TZ: We work together. This is necessary because the whole process is entirely interactive – what we are seeing and what different angles we each notice in the tales we hear or the places we look at all combine into both what images will be chosen and what story we will weave.

Mark, what has been the greatest challenge when photographing this series?

ML: There has been no specific challenge other than the eternal challenge of representing what you see in a meaningful way that satisfies both me  and the story.

Wake up, this is Joburg 5/10Why did you decide to make the text available in two languages?

TZ: The idea of translating the work came from Bronwyn Law-Viljoen who works closely with the Language School at Wits. Each story is translated into a language other than English, that matches the story. We have used Zulu, French, Portuguese and Sesotho in the books that have been published so far. The broadening of language broadens access but is also a tribute to the protagonists of our stories. The translator for Good Riddance commended Bronwyn for “leading from the front” in this initiative of translating the work.

A project like this involves intense research, preparation and execution. How did you go about funding this process?

TZ: The production of the books is very costly and they require external funding. We depend on sponsorship to cover some of the basic input costs and have had assistance from GIBS Business School and from IFAS for two of our books. But we are still trying to raise the funding to allow the further books to be published. Fourthwall has covered some basic costs and we have also committed our own monies to costs. To date our own input, research and photography, editing and layout has not been covered and has been a contribution that the four of us (me, Mark, Bronwyn and Oliver) have made to make the series possible. The sale of each book funds the future books.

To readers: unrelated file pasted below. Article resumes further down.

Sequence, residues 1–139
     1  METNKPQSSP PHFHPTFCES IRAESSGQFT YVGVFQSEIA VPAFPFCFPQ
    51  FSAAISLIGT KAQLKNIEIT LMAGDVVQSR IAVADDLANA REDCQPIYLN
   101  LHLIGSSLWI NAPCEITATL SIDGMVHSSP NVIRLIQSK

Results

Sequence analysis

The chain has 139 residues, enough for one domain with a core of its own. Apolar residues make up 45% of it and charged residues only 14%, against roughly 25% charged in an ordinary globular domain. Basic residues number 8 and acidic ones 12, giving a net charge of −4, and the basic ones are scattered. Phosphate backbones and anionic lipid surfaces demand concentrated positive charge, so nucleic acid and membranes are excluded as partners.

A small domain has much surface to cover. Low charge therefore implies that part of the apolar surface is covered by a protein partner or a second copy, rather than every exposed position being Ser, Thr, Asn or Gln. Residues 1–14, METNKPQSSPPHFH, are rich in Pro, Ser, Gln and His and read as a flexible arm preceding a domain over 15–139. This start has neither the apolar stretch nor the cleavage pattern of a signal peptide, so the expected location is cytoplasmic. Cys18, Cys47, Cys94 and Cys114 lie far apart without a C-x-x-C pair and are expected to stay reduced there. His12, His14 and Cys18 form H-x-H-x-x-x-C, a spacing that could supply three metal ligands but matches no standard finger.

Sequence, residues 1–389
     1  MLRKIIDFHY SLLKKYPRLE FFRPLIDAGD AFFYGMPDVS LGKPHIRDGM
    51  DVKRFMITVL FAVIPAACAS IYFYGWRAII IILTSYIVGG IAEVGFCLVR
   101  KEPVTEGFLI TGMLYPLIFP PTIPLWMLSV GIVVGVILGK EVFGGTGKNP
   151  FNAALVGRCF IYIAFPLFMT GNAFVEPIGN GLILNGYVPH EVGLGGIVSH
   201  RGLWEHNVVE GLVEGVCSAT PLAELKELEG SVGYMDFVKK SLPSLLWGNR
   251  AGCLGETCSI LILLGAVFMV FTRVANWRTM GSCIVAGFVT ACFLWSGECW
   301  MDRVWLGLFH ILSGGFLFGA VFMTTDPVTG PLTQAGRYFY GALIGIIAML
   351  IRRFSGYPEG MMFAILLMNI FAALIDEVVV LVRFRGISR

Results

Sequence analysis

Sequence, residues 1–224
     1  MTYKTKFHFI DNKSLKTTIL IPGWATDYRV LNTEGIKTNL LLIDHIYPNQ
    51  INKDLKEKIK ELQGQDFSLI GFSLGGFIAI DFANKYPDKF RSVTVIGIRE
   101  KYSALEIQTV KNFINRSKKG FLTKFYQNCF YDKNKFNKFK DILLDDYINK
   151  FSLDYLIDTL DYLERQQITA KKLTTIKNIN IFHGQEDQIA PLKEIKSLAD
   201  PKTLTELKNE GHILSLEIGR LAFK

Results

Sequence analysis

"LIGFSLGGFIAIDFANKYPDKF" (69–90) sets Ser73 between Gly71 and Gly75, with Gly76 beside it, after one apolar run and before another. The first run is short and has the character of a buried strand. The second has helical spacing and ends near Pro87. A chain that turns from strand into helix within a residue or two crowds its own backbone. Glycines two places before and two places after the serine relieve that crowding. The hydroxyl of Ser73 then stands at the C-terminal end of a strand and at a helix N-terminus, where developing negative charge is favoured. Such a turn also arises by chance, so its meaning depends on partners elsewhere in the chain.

Wake up, this is Joburg 5/10Good Riddance, the fourth book in the series, has just been published by Fourthwall Books.


Snapshot of an urban Africa


Against the backdrop of rapid growth, urbanisation and globalisation across Africa, Afropolis: City, Media, Art  showcases  the evolving nature of 5 African cities through a showcase of media, art, and narratives; each exhibits of contemporary urban African life.

Born as an exhibition at the opening of the Rautenbauch-Joest-Museum in Cologne in  2012, and then translated into English, the book is produced with the support of the Goethe-Institut and edited by Kerstin Pinther, Larissa Förster and Christian Hanussek.

The book’s strength is in its conglomeration of representations of  the African metropolis through contemporary life rather than grand ambitions and visions. Each representation seeks to challenge perceptions of a modern African metropolis that is unlike the mega-cities of New York, Shanghai, London and others.

With a focus on five cities — Lagos, Nairobi, Kinshasa, Cairo and Johannesburg — the compendium makes good on its aim to expand our notion of urbanity and the city from the African perspective. While the lens of a mega-city may be a limiting entry point, the catalogue is not prescriptive in what  form and shape the African mega-city should take.

The juxtaposition of contributions, whether it be from scholars like Edgar Pieterse and AbdouMaliq Simone, artists and designers like Sabelo Mlangeni and David Adjaye or photographers like Uche Okpa-Iroha and Van Leo, presents the respective African cities in a more multi-faceted, layered fashion, drawing us away from traditional narratives of a struggling Africa in dire need of infrastructure.

The strength of the visual content is that it is not included as an interlude between written parts but gives a face to the challenges of infrastructure and transport alongside that of refugees, grassroots initiatives in media, contemporary art and photography.